What is fostering

What is fostering?

Foster carers provide a safe and stable home for children and young people who are unable to live with their parents or legal guardians.

Placements can last for days, months, or years and allow children to live in a supportive and caring home environment. People have all sorts of questions about foster care, here are just a few of the most common:


What is fostering?

There is no upper age limit and as long as you are fit, energetic and healthy, you can apply to be a foster carer.

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What is the difference between fostering and adoption?

With fostering, all legal responsibility for a child remains with the local authority and the birth parents, whereas with adoption, the legal responsibility for a child is granted to the adoptive parents. Some fostering placements can develop into long-term placements lasting years, yet remain classed as foster care, and not adoption.


Am I qualified to be a foster carer?

Being a foster carer is not about qualifications; it’s about your ability to offer a vulnerable young person a stable home to grow up in. So no matter what your relationship status, gender, age, sexual orientation, skin colour, religion, or whether you have children of your own, you can be considered to become a foster carer.


What kind of children and young people will I foster?

The children and young people placed with our foster carers are from a wide range of backgrounds and will display different behaviour depending upon their experiences. They may have had an erratic home life which can affect how they react to everyday life. However, they are still a vulnerable child or young person looking for a safe, caring family; they’re just as nervous meeting you, as you are meeting them.


How will you help me become a great foster carer?

As one of our foster carers, you’ll provide the safe, caring environment that every child has a right to. We will provide you with training, counselling where required, as well as carer buddies, a social worker, and all the support you need – and anytime you have a question, we’re just a phone call away.

Want to know more?


Inside your Fostering Guide...

  • Applying to be a foster carer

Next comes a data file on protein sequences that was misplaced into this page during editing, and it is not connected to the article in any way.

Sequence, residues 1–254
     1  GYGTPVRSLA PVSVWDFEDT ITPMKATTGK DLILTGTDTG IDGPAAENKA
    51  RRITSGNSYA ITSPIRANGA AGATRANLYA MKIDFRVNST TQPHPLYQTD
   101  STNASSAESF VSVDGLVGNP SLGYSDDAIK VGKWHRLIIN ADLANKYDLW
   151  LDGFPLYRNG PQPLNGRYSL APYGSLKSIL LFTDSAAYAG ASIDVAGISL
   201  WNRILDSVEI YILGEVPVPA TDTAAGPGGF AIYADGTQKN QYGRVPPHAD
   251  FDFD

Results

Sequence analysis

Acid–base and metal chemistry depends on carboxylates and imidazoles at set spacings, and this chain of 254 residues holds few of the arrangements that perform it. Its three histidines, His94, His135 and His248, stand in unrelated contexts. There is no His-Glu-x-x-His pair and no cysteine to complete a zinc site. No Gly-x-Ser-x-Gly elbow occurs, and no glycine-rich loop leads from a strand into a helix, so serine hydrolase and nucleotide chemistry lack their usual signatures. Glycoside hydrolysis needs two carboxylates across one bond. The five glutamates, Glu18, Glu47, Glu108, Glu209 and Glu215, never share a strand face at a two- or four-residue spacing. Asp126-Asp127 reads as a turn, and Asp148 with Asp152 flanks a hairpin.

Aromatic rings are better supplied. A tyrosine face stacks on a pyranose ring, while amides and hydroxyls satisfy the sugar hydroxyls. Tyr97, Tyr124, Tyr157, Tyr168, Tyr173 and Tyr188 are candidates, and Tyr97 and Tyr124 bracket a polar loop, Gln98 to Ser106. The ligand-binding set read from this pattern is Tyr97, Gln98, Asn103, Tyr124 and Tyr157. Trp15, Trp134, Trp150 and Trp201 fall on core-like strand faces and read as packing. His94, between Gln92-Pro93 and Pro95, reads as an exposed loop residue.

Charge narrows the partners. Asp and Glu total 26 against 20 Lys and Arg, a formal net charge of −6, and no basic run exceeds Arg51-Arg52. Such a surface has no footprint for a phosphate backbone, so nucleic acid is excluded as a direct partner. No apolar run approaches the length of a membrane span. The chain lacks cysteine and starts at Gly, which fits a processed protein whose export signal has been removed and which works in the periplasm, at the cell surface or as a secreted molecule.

• The different kinds of foster care
  • Support for our foster carers
  • Our training and development programmes
  • How fostering affects your finances

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Relevant FAQs

  • What is the difference between fostering and adoption?

    Fostering is regarded as a short-term arrangement, designed to help a family cope through times of stress or difficulty. The aim of the social workers and care team is to support and enable a family to be reunited. Of course, no one can ever be 100% sure how long a child or young person will need foster care. Sometimes it can be a matter of days, and sometimes it can be longer. Often this short-term period becomes a long-term placement but the child or young person remains the legal responsibility of the local authority. Adoption means the child or young person becomes a permanent member of your family and you have legal responsibility for them.

  • Can I keep my present job and foster?

    Fostering is a big commitment, foster carers have to dedicate time to make sure the job is done right. Whether you can keep your existing job depends on your situation and differs from case to case. Here’s a few things to consider; The type of job you do The demands it places on you How you would manage school holidays/periods of absence from school How flexible your working arrangements are Whilst we fully understand everyone needs to earn an income, we hope the generous foster care allowance you receive will enable you to foster full time.